It started about ten months ago at Book Slam, a West London event combining writers, comics, musicians, wine, a Serbian DJ and dim lighting. Book Slam self-defines as a ‘literary nightclub’, but, in reality, it’s better than that. Whenever I go, and for however long I stay, I become the cool kid I’ve always known that I am, in my heart of hearts, buried deep, deep inside, behind my habit of looking up the words I hear in rap songs on Urban Dictionary and even behind my clandestine spinning of Taylor Swift’s Fearless LP. I pay £8 monthly to participate in this coolness simulation, and, for a while, it was worth it to me.
Over time, though, the coolhigh started to ebb. The more Book Slams I attended, the more obvious the substrata of cool became. For example, did you know, it’s not cool to book in advance and thereby save £2 off the door price? Because it’s not. It’s just a longer line. The real coolkids breeze by, tenners in hand, never inconvenienced by discounting.
Enter David Nicholls. In July ’09 David was reading from his new book One Day and, when he finished, he was selling his new book , and autographing copies. I was in line (of course, in line!) to have him sign my own, fretting with my friend Sasha about what cool stuff we could say to show him we’re real coolkids, just like him. Sasha failed. Badly, but not epically. She asked David to sign her book ‘To Sandy,’ her mother. She explained to me it was cooler to have the book signed for someone else.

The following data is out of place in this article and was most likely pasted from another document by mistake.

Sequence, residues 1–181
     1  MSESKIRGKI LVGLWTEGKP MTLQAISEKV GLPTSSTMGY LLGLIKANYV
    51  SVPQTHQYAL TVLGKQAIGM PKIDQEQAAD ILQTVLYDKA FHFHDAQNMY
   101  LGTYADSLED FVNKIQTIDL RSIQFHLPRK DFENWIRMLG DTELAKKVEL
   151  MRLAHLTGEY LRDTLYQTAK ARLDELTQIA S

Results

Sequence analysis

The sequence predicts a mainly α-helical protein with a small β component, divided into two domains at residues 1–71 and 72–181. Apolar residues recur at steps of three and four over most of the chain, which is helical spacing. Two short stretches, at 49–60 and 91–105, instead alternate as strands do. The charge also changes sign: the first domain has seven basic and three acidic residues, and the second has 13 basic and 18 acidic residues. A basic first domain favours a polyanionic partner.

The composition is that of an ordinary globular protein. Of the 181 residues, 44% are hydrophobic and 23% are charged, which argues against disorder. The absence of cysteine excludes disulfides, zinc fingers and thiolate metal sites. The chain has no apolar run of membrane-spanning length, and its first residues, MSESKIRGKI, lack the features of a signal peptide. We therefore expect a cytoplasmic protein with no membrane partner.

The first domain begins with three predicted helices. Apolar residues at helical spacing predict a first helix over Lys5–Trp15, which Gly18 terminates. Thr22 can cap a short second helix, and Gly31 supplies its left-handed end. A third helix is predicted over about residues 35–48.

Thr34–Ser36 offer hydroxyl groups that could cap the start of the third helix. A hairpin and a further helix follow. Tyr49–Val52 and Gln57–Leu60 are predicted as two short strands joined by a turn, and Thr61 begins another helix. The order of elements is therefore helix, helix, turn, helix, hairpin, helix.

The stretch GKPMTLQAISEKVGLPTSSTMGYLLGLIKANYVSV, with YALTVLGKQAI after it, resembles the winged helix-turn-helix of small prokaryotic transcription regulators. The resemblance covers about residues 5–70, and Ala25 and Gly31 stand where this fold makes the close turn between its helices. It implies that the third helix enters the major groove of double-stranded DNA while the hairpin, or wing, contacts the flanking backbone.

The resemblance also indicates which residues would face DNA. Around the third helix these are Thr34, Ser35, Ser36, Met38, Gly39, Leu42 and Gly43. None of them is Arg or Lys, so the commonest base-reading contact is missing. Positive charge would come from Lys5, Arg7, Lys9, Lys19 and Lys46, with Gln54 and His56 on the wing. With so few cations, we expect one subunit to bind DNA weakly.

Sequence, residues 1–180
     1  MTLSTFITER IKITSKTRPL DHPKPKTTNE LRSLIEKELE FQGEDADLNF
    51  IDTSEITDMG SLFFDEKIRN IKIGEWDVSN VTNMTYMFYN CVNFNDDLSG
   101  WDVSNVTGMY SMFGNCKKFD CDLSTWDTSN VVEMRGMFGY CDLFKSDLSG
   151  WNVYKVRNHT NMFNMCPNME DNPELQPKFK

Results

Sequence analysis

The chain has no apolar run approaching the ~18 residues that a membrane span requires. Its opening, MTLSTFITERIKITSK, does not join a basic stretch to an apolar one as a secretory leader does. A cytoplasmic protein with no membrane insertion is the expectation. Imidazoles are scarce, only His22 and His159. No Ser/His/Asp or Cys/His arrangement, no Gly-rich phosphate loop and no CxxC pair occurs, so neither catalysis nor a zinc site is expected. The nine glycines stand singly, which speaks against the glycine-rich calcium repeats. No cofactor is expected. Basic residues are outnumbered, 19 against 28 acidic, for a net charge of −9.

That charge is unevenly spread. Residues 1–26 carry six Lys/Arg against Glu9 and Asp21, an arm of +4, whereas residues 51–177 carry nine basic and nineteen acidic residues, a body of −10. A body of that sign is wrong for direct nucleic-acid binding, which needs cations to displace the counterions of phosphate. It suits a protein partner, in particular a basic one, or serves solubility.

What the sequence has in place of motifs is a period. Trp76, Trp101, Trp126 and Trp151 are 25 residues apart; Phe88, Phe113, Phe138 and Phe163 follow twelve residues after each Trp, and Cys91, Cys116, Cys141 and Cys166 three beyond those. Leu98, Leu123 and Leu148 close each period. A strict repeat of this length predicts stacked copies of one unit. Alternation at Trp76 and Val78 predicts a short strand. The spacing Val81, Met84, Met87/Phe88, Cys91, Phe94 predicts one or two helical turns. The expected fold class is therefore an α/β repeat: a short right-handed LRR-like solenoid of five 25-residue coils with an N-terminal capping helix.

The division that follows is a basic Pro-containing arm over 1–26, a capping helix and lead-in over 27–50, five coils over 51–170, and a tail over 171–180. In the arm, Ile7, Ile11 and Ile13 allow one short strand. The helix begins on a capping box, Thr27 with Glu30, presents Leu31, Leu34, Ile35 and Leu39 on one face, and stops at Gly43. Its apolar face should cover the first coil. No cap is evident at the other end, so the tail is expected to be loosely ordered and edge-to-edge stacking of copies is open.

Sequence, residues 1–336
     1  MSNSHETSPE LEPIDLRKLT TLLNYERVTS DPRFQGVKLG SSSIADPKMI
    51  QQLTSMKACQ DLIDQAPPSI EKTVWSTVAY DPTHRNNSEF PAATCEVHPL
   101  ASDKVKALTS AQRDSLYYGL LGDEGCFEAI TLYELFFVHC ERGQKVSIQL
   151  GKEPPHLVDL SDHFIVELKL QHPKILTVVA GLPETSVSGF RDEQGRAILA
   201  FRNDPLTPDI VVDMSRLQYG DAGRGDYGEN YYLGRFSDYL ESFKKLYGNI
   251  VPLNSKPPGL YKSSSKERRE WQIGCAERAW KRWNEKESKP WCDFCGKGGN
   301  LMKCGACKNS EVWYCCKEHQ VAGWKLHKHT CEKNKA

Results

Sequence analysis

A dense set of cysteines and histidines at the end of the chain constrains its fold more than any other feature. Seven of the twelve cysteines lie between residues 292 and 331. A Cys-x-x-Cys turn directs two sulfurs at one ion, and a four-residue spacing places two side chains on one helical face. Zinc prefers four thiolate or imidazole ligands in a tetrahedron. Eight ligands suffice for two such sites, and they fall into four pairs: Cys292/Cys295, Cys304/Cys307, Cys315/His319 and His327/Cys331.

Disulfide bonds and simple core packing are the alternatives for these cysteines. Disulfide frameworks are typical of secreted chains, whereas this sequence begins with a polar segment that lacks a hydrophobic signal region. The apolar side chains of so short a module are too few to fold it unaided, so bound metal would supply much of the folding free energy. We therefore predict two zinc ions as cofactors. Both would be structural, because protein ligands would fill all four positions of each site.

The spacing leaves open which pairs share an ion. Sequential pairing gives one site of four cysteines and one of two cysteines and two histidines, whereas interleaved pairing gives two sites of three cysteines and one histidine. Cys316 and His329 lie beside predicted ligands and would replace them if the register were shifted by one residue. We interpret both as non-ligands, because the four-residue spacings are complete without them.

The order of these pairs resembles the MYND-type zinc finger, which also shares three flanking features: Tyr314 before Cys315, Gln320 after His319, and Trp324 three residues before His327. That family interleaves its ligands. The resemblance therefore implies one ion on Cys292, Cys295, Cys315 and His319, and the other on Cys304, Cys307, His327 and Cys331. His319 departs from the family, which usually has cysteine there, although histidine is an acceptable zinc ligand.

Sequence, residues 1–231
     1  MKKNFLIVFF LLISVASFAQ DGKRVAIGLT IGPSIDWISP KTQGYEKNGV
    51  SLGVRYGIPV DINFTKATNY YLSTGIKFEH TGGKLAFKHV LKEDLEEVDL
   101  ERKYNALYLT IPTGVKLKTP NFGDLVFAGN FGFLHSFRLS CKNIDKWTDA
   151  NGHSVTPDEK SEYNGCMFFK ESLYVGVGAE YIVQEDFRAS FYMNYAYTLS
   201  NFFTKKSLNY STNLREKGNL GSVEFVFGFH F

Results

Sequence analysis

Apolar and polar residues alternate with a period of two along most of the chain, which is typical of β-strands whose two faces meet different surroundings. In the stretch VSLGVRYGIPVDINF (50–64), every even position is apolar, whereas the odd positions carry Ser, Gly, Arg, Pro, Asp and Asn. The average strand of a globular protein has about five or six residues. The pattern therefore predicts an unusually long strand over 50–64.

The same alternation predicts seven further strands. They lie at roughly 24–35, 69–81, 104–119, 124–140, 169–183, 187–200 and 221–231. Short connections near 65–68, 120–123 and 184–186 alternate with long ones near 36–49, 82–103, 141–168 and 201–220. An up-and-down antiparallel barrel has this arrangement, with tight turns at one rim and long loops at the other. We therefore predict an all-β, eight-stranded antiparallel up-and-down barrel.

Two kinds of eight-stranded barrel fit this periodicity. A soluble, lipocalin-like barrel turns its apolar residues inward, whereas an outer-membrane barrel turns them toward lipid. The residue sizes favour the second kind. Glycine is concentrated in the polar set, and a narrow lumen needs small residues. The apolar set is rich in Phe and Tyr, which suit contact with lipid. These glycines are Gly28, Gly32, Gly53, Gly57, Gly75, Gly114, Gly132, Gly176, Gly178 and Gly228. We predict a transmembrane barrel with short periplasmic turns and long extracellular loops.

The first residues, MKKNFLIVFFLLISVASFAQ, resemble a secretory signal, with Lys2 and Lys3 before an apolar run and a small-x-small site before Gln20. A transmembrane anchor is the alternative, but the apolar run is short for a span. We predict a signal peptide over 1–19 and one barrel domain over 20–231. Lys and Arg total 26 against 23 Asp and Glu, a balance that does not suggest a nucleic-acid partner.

‘How does he know you’re not Sandy, though?’ I asked, eager to understand how it’s done.
And that’s when I realized it, watching Sasha’s cheeks burn up. We’re not cool. We book in advance, and we still show up early. We wear floral sundresses without irony, and we mostly see summer blockbusters. Sasha doesn’t even own Ray-Bans. We’re not cool at all. We’re something else.
So I walked up to David Nicholls and asked him to sign his new book One Day. Then I asked to borrow his pen, scrawled my own name on a napkin, and handed both back to him.
‘I’m gonna be a writer someday, too,’ I told him.
He just kinda laughed. Then he asked me my name and shook my hand. He turned to his wife to relate what I’d done or ask a question or something. I will never know because, not having anything cool to say, I promptly ran away.
Next up: Walter Dean Myers